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Leftist Candidate Is Victorious In Mexico's Presidential Election


Mexicans have elected a populist leftist as their new president. His anti-corruption, anti-establishment message struck a chord with an electorate that is angry over skyrocketing violence. Andres Manuel Lopez Obrador beat out his top two rivals. Early counts show he won more than half of the vote. He promises to clean up Mexico's corruption, help the poor and the elderly and have a cooperative, respectful relationship with the United States. NPR's Carrie Kahn is with us now from Mexico City, where celebrations continued into the early hours of this morning. Hi, Carrie.

CARRIE KAHN, BYLINE: Hi, good morning.

KING: So this was Lopez Obrador's third time running for president. He was not successful in the past. And now he's got an overwhelming win. What changed?

KAHN: I think two things changed. Mexico is very different - and so was candidate Lopez Obrador. First, Mexico is so much more violent than it was during his previous two runs for president. There were nearly 30,000 murders here last year. And this year looks even more violent. He was very different as a candidate this time around. He toned down some of his rhetoric. He was less confrontational. And he built this odd wider coalition. He had everything in there from leftists to the Worker's Party to this conservative evangelical party. And then more than that, he honed in on his message. His main message is just corruption is the number one problem in Mexico - causing everything from poverty, poor economic output, inequality - all of it. And it was a strong message, and it was very well received this time.

KING: Well, you've been traveling the country talking to voters. Tell me. What did people say after his win last night?

KAHN: Voters all day were just saying that they went to the polls for a change. I heard that over and over again. Everybody said that. You know, Lopez Obrador's win, I think, was a repudiation of this current administration. Just - if you would listen to these chants of the jubilant crowds that gathered all over downtown Mexico City last night.


UNIDENTIFIED CROWD: (Chanting in Spanish).

KAHN: They were shouting "Mexico without the PRI." The ruling party here is so unpopular right now. It's been embroiled in countless corruption scandals, at the federal, the state level, local level, for the past six years. And I think more than voters wanting to bring in a leftist government, this was more about an anti-establishment vote - an electorate very angry over the corruption, violence and the impunity that's rampant in this country these days.

KING: Lopez Obrador came out, and he gave a couple of different victory speeches last night, right? What did he say in those?

KAHN: Well, he went back through his long list of promises. He says he's going to work hard. He's going to be honest. He repeated several times that he wants to go down in history as one of Mexico's greatest presidents. He spoke to this massive crowd in Mexico City's historic Zocalo Plaza. And he said he promised he would not let them down. He said that a couple times. I will not let you down, and I will live by these three basic tenants.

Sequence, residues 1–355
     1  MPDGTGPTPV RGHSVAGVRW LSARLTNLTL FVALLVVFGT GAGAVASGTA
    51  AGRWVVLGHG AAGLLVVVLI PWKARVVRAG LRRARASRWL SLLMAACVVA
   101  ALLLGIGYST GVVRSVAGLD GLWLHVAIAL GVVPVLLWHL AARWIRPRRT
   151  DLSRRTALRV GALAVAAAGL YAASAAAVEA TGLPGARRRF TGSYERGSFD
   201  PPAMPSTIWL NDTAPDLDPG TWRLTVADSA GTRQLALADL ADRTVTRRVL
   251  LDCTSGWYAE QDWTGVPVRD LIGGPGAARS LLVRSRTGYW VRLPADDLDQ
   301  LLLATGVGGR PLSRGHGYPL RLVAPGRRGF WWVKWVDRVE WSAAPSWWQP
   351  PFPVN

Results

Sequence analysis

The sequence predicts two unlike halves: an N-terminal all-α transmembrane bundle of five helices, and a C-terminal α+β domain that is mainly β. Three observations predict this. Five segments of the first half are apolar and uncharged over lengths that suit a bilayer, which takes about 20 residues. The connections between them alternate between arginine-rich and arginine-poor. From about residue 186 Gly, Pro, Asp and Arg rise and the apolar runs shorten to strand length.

KAHN: So he said "no lying, no stealing and no betraying the people." "Long live Mexico," he shouted to thunderous applause.

KING: It sounds like something people really wanted to hear.

KAHN: They did.

KING: One big thing that remains to be seen is the relationship that Mexico will have under Lopez Obrador with the United States. What has he said about President Trump - about working with him or not?

KAHN: Well, it really didn't come up that much during the campaign. Trump was not an issue during the campaign mainly because all of the three major candidates pretty much said the same thing. They all said they're going to demand respect from Trump. And yet, they're going to continue to cooperate with the United States. And that's what Lopez Obrador said last night. He said he wants a cooperative, respectful relationship with the U.S. You know, President Trump and the current president, Enrique Pena Nieto, have had a tense relationship - mostly over Trump's insistence that Mexico pay for a U.S. border wall. But President Trump did tweet his congratulations last night to the Mexican president-elect.

KING: Carrie, let me get your 3,000-foot perspective on something. Given the depth of corruption in Mexico, do you think that this new president can actually make good on his promises to stamp it out?

KAHN: Oh, it's a tall order. You know, I asked that of voters that were voting for him - the exact same question. Can he do all that? You know, I really feel like expectations are high but not really that high. People are - people know how terrible the situation is right now. And they're saying - one person even said, you know, if we could just get a little bit done, that would be better than nothing. So I think that expectations are sort of realistic - how difficult the problem is and how entrenched corruption and violence is in Mexican society right now.

KING: NPR's Carrie Kahn in Mexico City. Carrie, thanks so much.

KAHN: You're welcome. Transcript provided by NPR, Copyright NPR.

Carrie Kahn is NPR's International Correspondent based in Mexico City, Mexico. She covers Mexico, the Caribbean, and Central America. Kahn's reports can be heard on NPR's award-winning news programs including All Things Considered, Morning Edition and Weekend Edition, and on